ATIA 2020 Strand Advisors and Partners
The ATIA 2020 strand advisors are each recognized experts in their respective session strands. Guided by Educational Program Chair Joy Zabala, the strand advisors play a critical role in curating the conference education program and ensuring each education session meets the diverse needs of conference attendees.
Educational Program Chair
Joy Zabala, Co-Director of Center on Inclusive Technology & Education Systems (CITES), CAST
Joy Smiley Zabala, Ed.D., is a general and special educator who has worked with students, families, education agencies and others across the U.S. and abroad for more than 25 years to expand the use of assistive technology to increase the communication, participation and productivity of people with disabilities. She is the developer of the SETT Framework, a former president of the Technology and Media division of CEC, a founder of QIAT, and the facilitator of the QIAT List. Dr. Zabala is the co-director of the Center on Inclusive Technology & Education Systems (CITES) at CAST. She is a strong supporter of Universal Design for Learning as the foundational support for the education of all students and of assistive technology and accessible materials and technologies as complementary supports for those students who require them for active participation and achievement in UDL environments.
Contact Dr. Zabala at EducationProgramChair@atia.org.
AT for Physical Access and Participation
William E. Janes, OTD, MSCI, OTR/L; Assistant Professor, Department of Occupational Therapy, University of Missouri; Representing Technology Special Interest Section, American Occupational Therapy Association (AOTA)
William Janes, OTD, MSCI, OTR/L is an occupational therapist and Assistant Research Professor at the University of Missouri. He has served in numerous volunteer leadership roles within AOTA, including Chair of the Technology SIS. He is currently vice-chair of RESNA’s Occupational Therapy PSG and serves on the Editorial Board of ATIA’s journal, Assistive Technology Outcomes and Benefits (ATOB). Dr. Janes’ work focuses on applications of consumer technologies to address the everyday needs of people living with disabilities. His current projects include a multi-site consortium for GoBabyGo data collection and an interdisciplinary makerspace devoted to inclusively designed assistive technologies.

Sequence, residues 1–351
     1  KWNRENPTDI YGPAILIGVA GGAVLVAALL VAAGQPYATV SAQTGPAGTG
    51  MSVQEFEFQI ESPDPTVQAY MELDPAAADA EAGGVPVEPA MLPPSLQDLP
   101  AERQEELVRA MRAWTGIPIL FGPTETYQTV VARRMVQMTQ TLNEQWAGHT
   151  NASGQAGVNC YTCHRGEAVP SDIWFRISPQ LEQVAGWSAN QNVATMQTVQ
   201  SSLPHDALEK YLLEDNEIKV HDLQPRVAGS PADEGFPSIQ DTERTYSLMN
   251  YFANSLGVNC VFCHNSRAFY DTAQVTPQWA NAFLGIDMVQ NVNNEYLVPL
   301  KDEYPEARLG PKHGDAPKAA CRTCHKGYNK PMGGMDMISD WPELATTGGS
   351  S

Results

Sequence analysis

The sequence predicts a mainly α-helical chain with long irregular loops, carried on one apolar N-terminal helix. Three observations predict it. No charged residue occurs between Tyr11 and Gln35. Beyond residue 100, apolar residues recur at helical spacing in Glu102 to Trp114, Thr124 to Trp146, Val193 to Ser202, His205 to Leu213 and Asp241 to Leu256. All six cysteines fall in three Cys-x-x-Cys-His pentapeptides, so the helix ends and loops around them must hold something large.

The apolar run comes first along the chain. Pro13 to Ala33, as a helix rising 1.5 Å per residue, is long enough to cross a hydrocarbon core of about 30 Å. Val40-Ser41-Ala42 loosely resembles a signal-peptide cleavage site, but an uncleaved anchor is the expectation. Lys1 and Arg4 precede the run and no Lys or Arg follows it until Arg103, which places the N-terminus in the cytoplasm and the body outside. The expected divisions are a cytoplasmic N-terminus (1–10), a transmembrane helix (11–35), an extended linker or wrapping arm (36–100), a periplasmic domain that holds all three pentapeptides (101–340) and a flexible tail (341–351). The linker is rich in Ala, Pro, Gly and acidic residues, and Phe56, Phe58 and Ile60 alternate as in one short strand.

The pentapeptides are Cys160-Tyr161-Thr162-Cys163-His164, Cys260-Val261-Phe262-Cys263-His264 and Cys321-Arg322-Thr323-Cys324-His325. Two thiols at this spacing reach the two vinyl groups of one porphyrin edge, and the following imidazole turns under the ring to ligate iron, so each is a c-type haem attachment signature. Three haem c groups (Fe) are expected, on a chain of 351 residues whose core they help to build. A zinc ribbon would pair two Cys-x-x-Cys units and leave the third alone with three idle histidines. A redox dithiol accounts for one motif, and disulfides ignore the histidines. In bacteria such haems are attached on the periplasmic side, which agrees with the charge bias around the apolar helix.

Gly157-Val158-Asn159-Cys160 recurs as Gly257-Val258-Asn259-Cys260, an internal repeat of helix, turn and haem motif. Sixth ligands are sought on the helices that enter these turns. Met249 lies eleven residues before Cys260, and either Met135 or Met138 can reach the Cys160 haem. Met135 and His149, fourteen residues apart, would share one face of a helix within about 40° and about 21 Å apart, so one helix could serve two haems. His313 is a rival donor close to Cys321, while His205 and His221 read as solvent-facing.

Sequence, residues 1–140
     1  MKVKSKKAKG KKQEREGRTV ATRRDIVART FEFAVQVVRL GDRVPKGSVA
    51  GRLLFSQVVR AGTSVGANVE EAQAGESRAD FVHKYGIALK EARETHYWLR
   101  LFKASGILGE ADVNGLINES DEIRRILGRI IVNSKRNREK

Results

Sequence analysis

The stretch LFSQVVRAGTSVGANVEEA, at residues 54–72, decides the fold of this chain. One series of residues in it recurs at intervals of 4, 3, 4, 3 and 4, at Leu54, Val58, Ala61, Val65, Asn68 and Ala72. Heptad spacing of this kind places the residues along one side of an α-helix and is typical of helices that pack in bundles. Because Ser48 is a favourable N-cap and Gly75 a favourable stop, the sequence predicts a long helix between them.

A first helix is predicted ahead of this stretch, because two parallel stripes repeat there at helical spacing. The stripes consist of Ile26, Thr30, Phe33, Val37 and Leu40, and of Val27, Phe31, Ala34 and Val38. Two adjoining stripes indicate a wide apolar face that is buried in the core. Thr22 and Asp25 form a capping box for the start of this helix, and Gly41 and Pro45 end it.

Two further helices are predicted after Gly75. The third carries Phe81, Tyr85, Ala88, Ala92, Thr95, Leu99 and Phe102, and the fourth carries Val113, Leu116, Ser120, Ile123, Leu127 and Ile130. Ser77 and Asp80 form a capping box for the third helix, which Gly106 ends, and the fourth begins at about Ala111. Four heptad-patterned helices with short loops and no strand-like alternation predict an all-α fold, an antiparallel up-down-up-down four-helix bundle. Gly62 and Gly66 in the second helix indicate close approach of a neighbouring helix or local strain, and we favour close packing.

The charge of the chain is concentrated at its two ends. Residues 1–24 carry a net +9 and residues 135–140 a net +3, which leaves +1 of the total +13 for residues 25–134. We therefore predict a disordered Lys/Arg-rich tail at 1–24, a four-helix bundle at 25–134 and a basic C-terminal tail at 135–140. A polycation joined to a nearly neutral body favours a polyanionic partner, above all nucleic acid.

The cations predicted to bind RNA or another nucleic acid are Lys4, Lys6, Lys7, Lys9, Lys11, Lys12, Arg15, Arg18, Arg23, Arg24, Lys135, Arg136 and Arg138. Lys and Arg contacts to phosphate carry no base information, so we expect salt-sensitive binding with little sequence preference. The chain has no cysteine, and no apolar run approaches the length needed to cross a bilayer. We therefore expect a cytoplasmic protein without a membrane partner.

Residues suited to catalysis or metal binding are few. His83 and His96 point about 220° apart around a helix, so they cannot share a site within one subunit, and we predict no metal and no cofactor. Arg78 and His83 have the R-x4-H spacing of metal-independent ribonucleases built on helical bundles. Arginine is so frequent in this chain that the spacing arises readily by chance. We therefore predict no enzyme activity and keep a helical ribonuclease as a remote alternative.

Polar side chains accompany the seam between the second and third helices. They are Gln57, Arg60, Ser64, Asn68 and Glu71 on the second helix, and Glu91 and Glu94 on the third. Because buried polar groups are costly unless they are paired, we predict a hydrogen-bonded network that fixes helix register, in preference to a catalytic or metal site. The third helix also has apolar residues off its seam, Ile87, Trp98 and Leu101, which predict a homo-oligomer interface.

Judith Schoonover, MEd, OTR/L, ATP, FAOTA, Specialized Instructional Facilitator-Assistive Technology, Loudoun County Public Schools, Ashburn, Virginia; Representing Early Intervention & School Special Interest Section, American Occupational Therapy Association (AOTA)
Judith Schoonover is an occupational therapist and former elementary school teacher. She is certified as an assistive technology professional (ATP) by RESNA and is a founding member of the Loudoun County Public Schools Assistive Technology Team. Judith has worked in schools for more than 44 years. She has authored articles and chapters and has presented on the topics of school-based occupational therapy, transition, literacy, and assistive technology internationally. She is the former vice president of the Virginia Occupational Therapy Association and served as the communication liaison for the American Occupational Therapy Association’s (AOTA) Early Intervention and School Special Interest Section. She participated in several National Association of State Directors of Special Education (NASDSE) workgroups addressing response to intervention (RTI), transition, and virtual schools. Currently, Judith represents AOTA on the National Joint Committee (NJC) for the Communication Needs of Persons with Severe Disabilities and participates on AOTA’s Transition Work Group.